In Part 1 I gave you 8 reasons why you should talk to yourself.
However, I know what you might say now:
“I can’t do this. It’s embarrassing!”
Yes, you can!
Begin by saying just a few words or phrases.
- This will help you overcome your initial embarrassment.
- It will make you stop translating in your head.
At the beginning you will find you are translating from your own language. Therefore repeat the words and phrases daily until they stick. From then on they will come naturally, and you won’t have to stop and and think about them anymore.
Here are a few examples:
- breakfast – have breakfast
- mobile – charge my mobile
- keys – my car keys
- stressed – a bit stressed
- waiting – waiting for the bus
Remember to smile at yourself whenever you can!
“OK, it wasn’t as difficult as I thought.”
Great! Now take it one step further.
Once the words and phrases have started flowing and you feel confident, it’s time to expand them into complete sentences. For example:
- I had coffee and toast for breakfast.
- I need to charge my mobile.
- Where are my car keys?
- I’m feeling a bit stressed today.
- I don’t like waiting for the bus.
Keep talking! Add another sentence to the first one, and another one, until you can speak about your topic for about 30 seconds.
“But I’m talking all alone.”
All right. Time for conversation!
Are you saying your sentences fluently, without having to think? Then get some conversation practice – again with yourself. Respond to what you just said.
To make it more realistic, and for extra fun, think of someone from your family, or your partner, a friend, a colleague, a neighbour. Take their role and answer the way they would.
Now you can also incorporate conversational elements, such as
- I see. / Oh, really? / What a pity. / That’s great! / How interesting.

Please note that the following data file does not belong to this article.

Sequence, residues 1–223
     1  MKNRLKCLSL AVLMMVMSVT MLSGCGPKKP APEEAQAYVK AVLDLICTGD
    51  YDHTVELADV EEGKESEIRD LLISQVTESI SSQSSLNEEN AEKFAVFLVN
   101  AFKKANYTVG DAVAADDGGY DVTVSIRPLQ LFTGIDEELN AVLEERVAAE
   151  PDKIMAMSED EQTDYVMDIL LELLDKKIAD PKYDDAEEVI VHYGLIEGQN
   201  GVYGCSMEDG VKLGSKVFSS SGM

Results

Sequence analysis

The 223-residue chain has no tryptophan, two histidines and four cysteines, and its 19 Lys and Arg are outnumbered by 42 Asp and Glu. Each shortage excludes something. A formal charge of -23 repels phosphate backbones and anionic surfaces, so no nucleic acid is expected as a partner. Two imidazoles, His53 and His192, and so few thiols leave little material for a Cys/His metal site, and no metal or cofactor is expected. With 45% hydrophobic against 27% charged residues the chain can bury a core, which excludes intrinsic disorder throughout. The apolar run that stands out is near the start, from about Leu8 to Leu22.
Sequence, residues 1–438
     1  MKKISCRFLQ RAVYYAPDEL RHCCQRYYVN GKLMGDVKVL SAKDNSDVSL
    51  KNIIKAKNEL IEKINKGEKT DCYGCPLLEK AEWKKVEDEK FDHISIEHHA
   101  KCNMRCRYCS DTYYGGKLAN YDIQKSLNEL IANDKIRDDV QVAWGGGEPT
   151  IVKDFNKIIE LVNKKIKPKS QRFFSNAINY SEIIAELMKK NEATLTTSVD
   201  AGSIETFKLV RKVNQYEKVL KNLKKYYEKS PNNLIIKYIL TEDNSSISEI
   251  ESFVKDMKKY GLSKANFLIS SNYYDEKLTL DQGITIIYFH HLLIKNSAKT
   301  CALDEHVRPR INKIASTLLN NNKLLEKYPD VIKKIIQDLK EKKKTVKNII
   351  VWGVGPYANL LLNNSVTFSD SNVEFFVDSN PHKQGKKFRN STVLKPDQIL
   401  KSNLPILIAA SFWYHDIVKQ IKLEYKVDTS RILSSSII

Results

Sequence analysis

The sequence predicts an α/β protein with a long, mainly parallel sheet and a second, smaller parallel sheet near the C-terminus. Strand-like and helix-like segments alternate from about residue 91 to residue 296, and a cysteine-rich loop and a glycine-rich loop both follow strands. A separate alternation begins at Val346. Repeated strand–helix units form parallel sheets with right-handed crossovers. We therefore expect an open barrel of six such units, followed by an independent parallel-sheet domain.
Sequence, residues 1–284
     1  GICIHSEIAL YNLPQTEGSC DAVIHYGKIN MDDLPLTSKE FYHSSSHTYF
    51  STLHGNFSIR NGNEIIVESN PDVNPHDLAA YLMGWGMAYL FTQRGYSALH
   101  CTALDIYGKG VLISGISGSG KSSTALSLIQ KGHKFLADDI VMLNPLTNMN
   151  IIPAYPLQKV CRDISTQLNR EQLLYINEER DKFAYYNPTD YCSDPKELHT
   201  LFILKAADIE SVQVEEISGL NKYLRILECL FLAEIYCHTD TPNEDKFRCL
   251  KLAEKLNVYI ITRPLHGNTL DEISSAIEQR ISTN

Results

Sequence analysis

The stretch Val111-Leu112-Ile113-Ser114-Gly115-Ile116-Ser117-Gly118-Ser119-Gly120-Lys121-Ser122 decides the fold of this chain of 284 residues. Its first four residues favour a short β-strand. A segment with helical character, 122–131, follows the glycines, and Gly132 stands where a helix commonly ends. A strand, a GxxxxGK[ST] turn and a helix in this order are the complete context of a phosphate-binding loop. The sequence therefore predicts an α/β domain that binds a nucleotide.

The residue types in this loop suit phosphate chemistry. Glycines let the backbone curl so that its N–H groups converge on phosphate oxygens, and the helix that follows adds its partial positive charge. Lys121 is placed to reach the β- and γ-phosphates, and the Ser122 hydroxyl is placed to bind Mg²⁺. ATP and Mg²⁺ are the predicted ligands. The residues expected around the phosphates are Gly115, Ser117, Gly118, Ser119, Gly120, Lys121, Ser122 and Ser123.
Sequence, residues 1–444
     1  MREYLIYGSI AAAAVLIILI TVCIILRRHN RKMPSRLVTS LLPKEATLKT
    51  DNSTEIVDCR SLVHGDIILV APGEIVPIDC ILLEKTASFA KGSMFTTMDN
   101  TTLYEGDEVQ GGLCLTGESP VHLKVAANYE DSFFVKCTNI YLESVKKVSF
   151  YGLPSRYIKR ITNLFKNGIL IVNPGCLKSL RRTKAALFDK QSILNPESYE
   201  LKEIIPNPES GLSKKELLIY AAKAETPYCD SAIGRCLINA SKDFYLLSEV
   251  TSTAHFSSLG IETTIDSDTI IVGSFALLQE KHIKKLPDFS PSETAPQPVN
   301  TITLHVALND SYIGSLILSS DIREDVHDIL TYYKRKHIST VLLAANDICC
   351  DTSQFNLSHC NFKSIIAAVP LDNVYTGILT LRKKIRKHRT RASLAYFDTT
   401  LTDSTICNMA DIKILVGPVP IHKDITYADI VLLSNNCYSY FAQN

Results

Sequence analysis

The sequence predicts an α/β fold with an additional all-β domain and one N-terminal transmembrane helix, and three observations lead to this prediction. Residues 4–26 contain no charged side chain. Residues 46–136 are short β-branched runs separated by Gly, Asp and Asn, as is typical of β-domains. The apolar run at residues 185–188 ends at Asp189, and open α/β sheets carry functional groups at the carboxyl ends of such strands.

Start with one sentence and one reply.
- I had coffee and toast for breakfast. – I usually have tea and cereal.
- I need to charge my mobile. – I’m sure you can do it at work.
- Where are my car keys? – They’re on the kitchen table.
- I’m feeling a bit stressed today. – Oh, I’m sorry to hear that.
- I don’t like waiting for the bus. – Neither do I.
This is also your chance to practise asking questions and replying to them. Besides, this is a good way to keep a conversation going.
Here’s how you could continue the mini conversations above:
- Do you prefer tea or coffee? – I like both, actually.
- How long have you had this mobile? – For almost a year.
- Why don’t you keep them in a drawer? – Good idea. I’ll do that.
- Why is that? – I’ve been working a lot lately.
- How about using the underground? – Yes, let’s go.
Again: Keep talking! Try to keep the conversation going for at least a minute.
You might have some objections though.
“But I need to talk with a native speaker.”
Talking to a non-native but competent speaker, or to a native speaker of English, is no doubt the best thing to do. However, until you get the opportunity to speak to one, just practise with yourself: the more English you speak the better. And when you meet a native or competent speaker of English, you will be able to speak to them more fluently. As you have “done your homework”, you can take better advantage of speaking to them. Listen carefully to how they express themselves, to their pronunciation, and ask them if you have any questions.
“But what about my mistakes?”
What this activity will help you to achieve is fluency and confidence, and the ability to communicate in English more easily. The focus is not on accuracy but on using English naturally and spontaneously, without thinking or translating.
For accuracy, pay close attention to phrases in audios or videos or when talking to someone else. Copy the pronunciation, rhythm and intonation of new expressions and try to use them in your conversations with yourself. If you can, ask someone if you you’re saying or using them right. And when you speak to someone else, you will have those phrases ready to use.
So start talking to yourself today! Please tell me in the comments how you are doing.
See an infographic of this topic.
What is your tip for fluency?